Posted by Rachel | February 9, 2013
By Rachel Cieslewicz
published in Xterra 5/18/2012
Training for races calls for proper training, sleep, nutrition, and life in general to all come together perfectly. Nutrition impact is often severely overlooked. Has it ever happened to you: your stomach feels great during training, but on race day gastric distress or bonking has kept you from reaching your race day potential? Sometimes it is nerves causing the issue, but more often, we put in our mind that race day nutrition needs to be severely different than that of a hard training day. In fact, the opposite is true.
Each person has individual needs when it comes to nutrition. It is imperative to realize that what we put into our bodies is every bit as important as the actual running when training for events. Just like a training journal for your workouts, it is a great idea to keep a food journal alongside it. My favorite way to log it is in Training Peaks www.trainingpeaks.com This website is amazing in that you can track all of your training, racing, and nutrition in one place. It has amazing analytical tools you can use to track and adjust progress for years. When you log your training day details, keep in mind and report what affect the food and hydration you consumed before, during, and after your workout had on your ability to complete your training. It is a great tool to have over time to help you with race day.
Generally, you might hear that pasta and other forms of carbohydrate loading the night before the race, along with massive quantities of sports drink will lead you to the best race ever. This is not necessarily true. Before hard training days, have you tried this? What was the outcome? Did you feel great and light and able to train at your full capacity? What about during your races? Do you all of a sudden in the race take in foreign gels and sports drinks you’ve never tried before? This is asking for disaster.
I personally struggle if I eat pasta or bread. Most sports drinks and gels also lead to an adverse reaction. Over time, I have learned to watch what I eat during training to help me know what my body will love come race day. For example, my favorite pre race meal is a hot Thai curry over rice. But I eat it at lunch the day before my race. This gives extra time for digestion. I have a very sensitive digestive system. The coconut milk and spices soothe my stomach and the calories and nutrients are perfect to set me up for the energy I need to perform well without huge quantity. There is also no gluten, which for me is important. Consuming a good meal early on allows me calmness in the evening if things get busy knowing I can eat a simple light dinner and race well the next day. My favorite beverage is coconut water. This is natural, has no chemicals or additives, and is full of minerals and electrolytes.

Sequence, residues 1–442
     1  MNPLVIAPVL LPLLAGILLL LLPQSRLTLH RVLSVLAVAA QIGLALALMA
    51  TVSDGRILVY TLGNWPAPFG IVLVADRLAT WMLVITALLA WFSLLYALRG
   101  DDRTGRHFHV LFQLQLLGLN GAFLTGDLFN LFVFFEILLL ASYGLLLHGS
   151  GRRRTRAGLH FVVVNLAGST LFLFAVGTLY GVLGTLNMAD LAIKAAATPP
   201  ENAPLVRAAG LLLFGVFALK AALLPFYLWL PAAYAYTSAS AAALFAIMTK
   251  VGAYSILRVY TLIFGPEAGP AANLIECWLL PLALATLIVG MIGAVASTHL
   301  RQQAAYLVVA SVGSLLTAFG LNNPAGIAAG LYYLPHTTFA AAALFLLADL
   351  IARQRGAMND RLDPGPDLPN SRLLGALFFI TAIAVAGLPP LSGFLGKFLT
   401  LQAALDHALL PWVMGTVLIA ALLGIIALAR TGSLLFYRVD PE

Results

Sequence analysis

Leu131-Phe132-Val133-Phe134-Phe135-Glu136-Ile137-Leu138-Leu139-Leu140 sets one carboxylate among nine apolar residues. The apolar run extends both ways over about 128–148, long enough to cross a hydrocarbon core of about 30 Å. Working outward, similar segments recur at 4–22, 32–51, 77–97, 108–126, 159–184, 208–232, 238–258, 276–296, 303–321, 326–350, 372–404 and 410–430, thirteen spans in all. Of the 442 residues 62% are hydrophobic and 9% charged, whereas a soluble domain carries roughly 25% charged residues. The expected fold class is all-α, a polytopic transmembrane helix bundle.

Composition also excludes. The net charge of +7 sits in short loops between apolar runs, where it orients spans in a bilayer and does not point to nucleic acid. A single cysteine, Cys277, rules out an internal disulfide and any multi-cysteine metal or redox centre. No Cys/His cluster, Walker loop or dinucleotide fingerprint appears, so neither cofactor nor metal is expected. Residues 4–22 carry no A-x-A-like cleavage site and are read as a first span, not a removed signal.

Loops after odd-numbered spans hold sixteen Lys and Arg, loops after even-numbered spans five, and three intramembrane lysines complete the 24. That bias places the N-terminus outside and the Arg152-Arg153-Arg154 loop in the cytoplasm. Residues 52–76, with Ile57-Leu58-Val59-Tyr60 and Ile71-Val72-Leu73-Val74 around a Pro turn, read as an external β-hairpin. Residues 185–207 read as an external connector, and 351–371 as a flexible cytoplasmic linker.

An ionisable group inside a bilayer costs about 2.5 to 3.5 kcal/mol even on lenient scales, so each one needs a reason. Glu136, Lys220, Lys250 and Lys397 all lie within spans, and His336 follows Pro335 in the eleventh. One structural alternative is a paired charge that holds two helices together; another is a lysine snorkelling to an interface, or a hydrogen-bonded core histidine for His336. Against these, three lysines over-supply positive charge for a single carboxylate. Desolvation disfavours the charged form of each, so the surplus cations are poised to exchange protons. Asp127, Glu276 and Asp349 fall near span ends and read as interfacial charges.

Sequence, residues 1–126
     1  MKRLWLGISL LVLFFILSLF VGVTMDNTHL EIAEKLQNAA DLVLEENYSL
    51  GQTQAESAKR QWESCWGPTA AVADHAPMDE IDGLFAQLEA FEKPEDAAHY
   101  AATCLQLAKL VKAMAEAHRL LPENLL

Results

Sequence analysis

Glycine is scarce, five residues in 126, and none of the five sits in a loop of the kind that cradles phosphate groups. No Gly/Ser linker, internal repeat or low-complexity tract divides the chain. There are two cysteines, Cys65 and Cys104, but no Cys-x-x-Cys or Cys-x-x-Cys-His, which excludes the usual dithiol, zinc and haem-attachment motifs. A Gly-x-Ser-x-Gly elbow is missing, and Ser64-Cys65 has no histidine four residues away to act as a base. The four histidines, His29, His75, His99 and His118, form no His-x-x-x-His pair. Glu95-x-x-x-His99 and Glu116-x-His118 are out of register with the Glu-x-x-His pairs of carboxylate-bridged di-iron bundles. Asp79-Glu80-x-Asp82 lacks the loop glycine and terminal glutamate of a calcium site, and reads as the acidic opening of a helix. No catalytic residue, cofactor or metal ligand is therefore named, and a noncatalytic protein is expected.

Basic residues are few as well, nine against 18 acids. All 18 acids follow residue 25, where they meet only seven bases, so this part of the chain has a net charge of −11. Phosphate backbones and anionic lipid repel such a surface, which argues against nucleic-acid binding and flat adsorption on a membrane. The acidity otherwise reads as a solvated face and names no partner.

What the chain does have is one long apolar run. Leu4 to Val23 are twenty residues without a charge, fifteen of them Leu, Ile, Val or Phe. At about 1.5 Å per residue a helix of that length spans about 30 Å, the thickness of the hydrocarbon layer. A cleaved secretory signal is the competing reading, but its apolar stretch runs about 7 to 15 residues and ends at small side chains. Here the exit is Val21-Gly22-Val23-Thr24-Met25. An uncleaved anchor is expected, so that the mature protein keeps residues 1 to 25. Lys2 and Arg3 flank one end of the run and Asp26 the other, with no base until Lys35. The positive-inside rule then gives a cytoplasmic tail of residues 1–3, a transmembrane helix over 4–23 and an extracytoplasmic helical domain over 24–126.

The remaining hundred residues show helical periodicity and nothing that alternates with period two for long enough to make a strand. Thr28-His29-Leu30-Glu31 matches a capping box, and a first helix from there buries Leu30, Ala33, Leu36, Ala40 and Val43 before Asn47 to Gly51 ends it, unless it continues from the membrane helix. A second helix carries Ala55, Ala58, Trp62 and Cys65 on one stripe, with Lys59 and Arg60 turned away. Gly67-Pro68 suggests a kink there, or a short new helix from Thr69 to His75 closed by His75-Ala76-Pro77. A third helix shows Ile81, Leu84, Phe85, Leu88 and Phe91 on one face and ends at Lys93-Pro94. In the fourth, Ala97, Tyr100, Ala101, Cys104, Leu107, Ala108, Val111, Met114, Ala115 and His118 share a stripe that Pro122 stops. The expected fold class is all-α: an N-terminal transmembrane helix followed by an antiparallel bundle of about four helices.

In the morning, I know that coffee is something I love. I sip it black while I am going about getting ready to leave for the race. For some this might cause stomach issues. If you don’t normally drink coffee, it is not a good idea to start race morning! As for calories, I know based on training that I can’t eat much before a race. I absolutely can’t eat bagels, peanut butter, oatmeal or anything with bulk.
Instead my favorite way to get race morning calories is drinking a simple combination of First Endurance recovery fuel mixed with a tablespoon of Udo’s oil and chia seeds. Sound strange? It works for me! For my ever so favorite XTERRA 21K events and other longer races, I know I will need more calories. I simply add a bit more quantity to my drink than I would for shorter races. During the race I carry my own gel in a flask and take in a teaspoon every 20 minutes. I know the gel that works for me and I don’t touch anything offered other than water while I am racing.
Perhaps for you, oatmeal, eggs, or energy bars work the best race morning. What about the day and weeks before your event? Try different things along with your training before your next XTERRA race. When you find what is awesome for your training days, stick with that for race day. Learning what your body loves and giving it that will lead you to feeling amazing when it counts.
Coming back to the 21-day challenges, how is everything going? Are you working on small goals to help you reach your big picture for the year? My current 21-day challenge is logging every day what I put into my body and how it affects my ability to race and train with health. Doing this is creating a positive impact while leading to my athletic potential and goal of racing XTERRA 21K Trail Run Nationals and Worlds faster and stronger than ever!